Fonterra confirmed today (28 August) that fresh tests of its recalled whey protein found that the ingredient was in fact free from clostridium bolulinum, a bacteria that can cause botulism.
Fonterra initiated a precautionary recall of its whey protein concentrate earlier this month, after initial tests suggested that it was contaminated with the bacteria.
The whey protein was distributed as an ingredient to eight customers in various markets. The Fonterra recall prompted a number of follow-on recalls, including that infant formula manufactured by Danone and Abbott Laboratories and sold in China.
The recall also prompted the Chinese authorities to impose import restrictions on Fonterra products. Russian regulators also moved to restrict imports.
The recall prompted the New Zealand government to launch an inquiry into the affair. The widespread public debate saw two senior managers at Fonterra placed on leave and Gary Romano, the head of the company’s domestic milk products arm, quit the business.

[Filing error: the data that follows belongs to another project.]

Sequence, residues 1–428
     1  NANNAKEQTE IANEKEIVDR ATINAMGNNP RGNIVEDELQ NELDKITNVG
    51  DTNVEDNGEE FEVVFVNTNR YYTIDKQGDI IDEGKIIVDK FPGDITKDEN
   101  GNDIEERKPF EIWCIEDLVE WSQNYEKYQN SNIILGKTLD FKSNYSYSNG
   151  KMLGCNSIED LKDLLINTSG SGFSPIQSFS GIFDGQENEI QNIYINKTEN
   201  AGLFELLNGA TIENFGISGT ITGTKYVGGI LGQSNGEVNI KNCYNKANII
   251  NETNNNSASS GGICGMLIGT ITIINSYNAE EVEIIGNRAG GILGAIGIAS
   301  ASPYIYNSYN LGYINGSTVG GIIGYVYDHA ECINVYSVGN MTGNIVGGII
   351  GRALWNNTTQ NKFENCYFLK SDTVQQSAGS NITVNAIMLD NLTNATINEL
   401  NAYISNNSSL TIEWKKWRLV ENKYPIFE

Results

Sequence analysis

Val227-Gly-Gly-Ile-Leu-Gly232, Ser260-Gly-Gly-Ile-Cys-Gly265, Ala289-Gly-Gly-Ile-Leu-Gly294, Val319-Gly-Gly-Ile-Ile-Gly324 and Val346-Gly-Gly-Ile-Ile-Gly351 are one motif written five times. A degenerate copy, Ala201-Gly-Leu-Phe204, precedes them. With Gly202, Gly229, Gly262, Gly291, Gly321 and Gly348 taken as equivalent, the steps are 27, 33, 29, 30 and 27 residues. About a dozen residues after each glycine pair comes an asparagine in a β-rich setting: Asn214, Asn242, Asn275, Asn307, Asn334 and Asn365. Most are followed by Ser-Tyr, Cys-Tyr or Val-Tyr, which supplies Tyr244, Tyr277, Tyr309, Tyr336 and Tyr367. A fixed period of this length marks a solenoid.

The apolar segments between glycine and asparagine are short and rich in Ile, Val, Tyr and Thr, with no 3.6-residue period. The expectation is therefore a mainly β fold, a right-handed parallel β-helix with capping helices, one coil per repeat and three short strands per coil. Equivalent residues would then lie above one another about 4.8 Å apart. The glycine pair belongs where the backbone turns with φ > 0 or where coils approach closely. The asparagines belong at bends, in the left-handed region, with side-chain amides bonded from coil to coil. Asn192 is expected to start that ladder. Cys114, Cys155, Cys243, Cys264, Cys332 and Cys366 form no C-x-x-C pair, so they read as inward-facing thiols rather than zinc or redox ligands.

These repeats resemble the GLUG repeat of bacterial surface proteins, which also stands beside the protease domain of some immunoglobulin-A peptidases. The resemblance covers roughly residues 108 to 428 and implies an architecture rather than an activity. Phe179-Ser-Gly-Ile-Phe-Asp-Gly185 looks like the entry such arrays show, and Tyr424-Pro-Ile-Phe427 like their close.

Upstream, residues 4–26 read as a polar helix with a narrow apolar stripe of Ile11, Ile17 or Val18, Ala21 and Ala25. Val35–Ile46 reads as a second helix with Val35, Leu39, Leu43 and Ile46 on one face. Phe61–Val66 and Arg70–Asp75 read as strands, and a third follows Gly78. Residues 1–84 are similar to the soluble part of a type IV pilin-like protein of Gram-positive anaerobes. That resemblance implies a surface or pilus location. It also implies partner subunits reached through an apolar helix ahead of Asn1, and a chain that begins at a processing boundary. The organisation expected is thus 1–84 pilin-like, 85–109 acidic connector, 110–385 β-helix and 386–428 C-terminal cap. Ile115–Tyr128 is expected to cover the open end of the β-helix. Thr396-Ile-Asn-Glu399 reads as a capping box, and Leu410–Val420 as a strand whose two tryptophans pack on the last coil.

However, Fonterra chief executive Theo Spierings stood by the decision to initiate a recall.
“The original results… indicated the presence of toxin-producing Clostridium botulinum in the affected whey protein concentrate and we could therefore not take any chances,” he said. “We had no choice but to alert regulators, and announce a global precautionary recall with our customers.”
Spierings said that Fonterra has created a new role, group director of food safety and quality. “Fonterra already has world-class food safety systems, and we’ll make sure that our dedication to food safety is further embedded in everything we do.”